What you need to know about prescription drug abuse

Prescription drug abuse is the use of a medication that is prescribed by your doctor, but is used in a manner that is not intended by the prescribing doctor. Prescription drug abuse includes everything from taking a friend’s pain killer for your back ache to injecting medications to get high. Abuse of prescription drugs in the United States has been increasing. It is estimated 6.2 million Americans– that is 2.5% of the US population- is abusing prescription drugs. This is a problem that affects all age groups, but is very common in young individuals and appears to be an epidemic in women.

To get how big this problem is, consider that a recent CDC report found that nearly 48,000 women died of prescription pain killer overdoses between the years 1999 and 2010. Every three minutes a woman goes to the emergency room for prescription pain killer misuse or abuse. Sadly, in addition to women, Latinos are not immune. A recent University of Cincinnati survey study found that Hispanic high school students indicated they were likely to abuse prescription drugs with a higher preference for non-medical prescription drugs.

Although all individuals can be affected, there are several risk factors for prescription drug use.

  • Past or present addictions to other substances including alcohol.
  • Younger ages, specifically the teens or early 20’s, seem to be particularly predisposed towards prescription drug abuse.
  • Individuals with pre-existing psychiatric conditions such as generalized anxiety, post-traumatic stress disorder, depression and bipolar disease.
  • Exposure to peer pressure and a social environment where there is drug use.
  • Healthcare workers with easy access to prescription drugs.
  • Lack of knowledge about prescription drugs side effects

There are three categories of medications that seem to be particularly abused. They include:

  • Opioids which includes drugs such as morphine and hydrocodone
  • Sedatives and anti-anxiety medications like ( Xanax®, Valium®)
  • Stimulants such as methylphenidate ( ritalin™) and adderall™

These drugs can cause death either by overdose, which may cause you to stop breathing, or by abruptly stopping of the drug, causing withdrawal associated with seizures and heart problems. Medications likely to be abused cause addiction by directly or indirectly provoking an acute release of dopamine (a brain chemical). This dopamine acts as a brain reward which leads to abuse and addiction in susceptible individuals.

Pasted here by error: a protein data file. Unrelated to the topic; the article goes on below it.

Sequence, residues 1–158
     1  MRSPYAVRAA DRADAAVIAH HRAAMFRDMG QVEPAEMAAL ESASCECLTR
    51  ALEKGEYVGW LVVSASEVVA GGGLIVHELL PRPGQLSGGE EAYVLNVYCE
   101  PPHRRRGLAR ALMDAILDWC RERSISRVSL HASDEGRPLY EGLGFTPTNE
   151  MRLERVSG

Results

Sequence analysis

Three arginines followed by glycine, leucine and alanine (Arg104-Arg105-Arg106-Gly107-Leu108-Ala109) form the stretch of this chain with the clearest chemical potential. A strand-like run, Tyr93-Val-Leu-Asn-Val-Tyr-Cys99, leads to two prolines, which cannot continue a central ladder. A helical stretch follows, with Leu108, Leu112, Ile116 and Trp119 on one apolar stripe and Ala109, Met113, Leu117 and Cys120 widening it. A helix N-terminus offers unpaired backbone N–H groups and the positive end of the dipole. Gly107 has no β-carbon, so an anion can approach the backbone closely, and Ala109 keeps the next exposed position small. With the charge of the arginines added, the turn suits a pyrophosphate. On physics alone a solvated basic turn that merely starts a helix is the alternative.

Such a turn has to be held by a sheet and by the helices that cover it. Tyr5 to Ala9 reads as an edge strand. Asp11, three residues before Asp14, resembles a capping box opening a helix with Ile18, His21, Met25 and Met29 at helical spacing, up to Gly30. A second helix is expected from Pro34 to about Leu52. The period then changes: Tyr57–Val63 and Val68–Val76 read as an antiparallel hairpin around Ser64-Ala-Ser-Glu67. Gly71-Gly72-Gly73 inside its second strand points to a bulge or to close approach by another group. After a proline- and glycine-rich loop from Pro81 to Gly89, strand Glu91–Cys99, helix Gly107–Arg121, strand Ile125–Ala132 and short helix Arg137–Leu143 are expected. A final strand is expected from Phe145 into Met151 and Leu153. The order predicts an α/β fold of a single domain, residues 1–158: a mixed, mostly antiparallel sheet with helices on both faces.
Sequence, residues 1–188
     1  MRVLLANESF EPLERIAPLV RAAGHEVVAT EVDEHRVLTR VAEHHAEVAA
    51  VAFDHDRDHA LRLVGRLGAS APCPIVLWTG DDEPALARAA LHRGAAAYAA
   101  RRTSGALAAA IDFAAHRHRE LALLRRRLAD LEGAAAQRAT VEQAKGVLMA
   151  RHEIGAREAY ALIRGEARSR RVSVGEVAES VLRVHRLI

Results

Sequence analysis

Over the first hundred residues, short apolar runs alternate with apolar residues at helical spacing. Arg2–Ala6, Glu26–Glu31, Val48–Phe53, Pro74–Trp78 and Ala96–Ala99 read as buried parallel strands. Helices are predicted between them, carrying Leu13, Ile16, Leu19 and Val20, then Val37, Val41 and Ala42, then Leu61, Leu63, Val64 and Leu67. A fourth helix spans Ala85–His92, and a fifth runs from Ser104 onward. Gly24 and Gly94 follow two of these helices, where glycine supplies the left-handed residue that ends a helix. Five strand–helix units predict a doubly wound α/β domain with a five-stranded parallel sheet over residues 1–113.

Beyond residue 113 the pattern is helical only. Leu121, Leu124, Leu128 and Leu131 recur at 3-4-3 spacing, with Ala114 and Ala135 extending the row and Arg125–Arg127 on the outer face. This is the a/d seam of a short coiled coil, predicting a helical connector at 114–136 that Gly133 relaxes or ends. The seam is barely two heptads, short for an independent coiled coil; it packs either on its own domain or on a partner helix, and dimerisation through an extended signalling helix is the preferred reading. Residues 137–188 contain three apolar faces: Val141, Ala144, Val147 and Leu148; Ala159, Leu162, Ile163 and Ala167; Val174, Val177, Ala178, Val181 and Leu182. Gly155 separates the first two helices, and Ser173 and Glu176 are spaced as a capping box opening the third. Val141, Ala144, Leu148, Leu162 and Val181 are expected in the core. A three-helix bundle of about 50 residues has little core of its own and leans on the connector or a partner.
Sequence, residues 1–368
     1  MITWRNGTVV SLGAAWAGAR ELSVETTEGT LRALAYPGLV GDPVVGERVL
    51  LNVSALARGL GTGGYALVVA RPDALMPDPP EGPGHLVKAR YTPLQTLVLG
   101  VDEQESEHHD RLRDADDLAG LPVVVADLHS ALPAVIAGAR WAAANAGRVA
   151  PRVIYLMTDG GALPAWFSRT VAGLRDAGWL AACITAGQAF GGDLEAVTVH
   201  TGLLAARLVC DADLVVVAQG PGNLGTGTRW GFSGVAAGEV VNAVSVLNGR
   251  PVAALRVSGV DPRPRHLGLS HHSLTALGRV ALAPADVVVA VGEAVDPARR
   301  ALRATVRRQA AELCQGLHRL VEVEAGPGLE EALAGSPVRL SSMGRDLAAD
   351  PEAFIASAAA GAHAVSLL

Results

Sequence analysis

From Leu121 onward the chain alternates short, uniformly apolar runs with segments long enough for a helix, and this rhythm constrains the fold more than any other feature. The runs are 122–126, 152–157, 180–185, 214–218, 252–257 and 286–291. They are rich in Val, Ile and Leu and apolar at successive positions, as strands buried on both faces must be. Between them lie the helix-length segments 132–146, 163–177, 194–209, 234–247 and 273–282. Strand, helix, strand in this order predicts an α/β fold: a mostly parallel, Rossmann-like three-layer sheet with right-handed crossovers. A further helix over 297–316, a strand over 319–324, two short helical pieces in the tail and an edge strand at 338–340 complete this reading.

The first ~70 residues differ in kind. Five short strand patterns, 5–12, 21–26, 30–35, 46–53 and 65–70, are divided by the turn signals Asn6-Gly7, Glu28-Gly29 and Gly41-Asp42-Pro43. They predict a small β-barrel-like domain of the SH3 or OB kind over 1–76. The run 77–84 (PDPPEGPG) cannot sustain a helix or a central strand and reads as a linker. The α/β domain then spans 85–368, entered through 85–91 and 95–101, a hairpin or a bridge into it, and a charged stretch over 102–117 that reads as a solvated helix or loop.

The following are some tips to help prevent abuse from occurring:

  • If you are prescribed a drug with addiction potential, ask your doctor if there is an extended release version of a drug or alternative medication with ingredients that have less potential for addiction. Tell your doctor about all your prescriptions as well as over-the-counter medications, herbs and supplements, alcohol and drug use. Make sure your doctor understands your condition and the signs and symptoms you are experiencing.
  • Follow directions for use carefully; use the drug the way it was prescribed. Don’t stop or change the dose of the drug on your own, if it doesn’t work talk to your doctor. If you are taking a pain medication that isn’t adequately controlling your pain, don’t take more. Check in with your doctor often to let them know if the medicine is working.
  • Ask your pharmacist or doctor about the effects of the medication so you know what to expect.
  • Never use another person’s prescription. Everyone is different. Even if you have similar medical conditions it may not be the right medication or dose.
  • Don’t order prescriptions online unless they are from a trustworthy pharmacy.

If you are a parent and your child is prescribed an addictive drug, you should:

  • Discuss the dangers of prescription drugs and teens.
  • Set rules about children’s prescription medications; let your kids know that it is not okay to share medications with others, emphasize the importance of taking a prescribed dose of medication.
  • Keep your prescription drugs safe.
  • Make sure your child isn’t ordering drugs online.
  • Dispose unused medication. Check the label or patient information guide for best disposal or ask your pharmacist.

It is important not to mix any potentially addictive drugs with alcohol or illicit drugs. About half of all prescription pain killer deaths involve at least one other drug including benzodiazepine (like valium®, Xanax®), cocaine, heroin or alcohol. Make sure that if you have a sleeping disorder, are overweight or have breathing problems, you let your doctor know. Commonly abused prescription drugs can impact your breathing.

Know that prescription drugs linked to abuse are now tracked. 36 states have prescription drug monitoring programs. These are state run electronic databases used to track the prescribing and dispensing of controlled prescription drugs to patients. They are designed to monitor information for suspected abuse and can give a prescriber or pharmacist critical information.

Dr. Joe Servin -nbc-final

Dr. Joseph Sirven is a first-generation Cuban-American. He is Professor and Chairman of the Department of Neurology and was past Director of Education for Mayo Clinic Arizona. He is editor-in-chief of epilepsy.com and has served U.S. and global governmental agencies including the Institute of Medicine, NASA, FAA, NIH and CDC.

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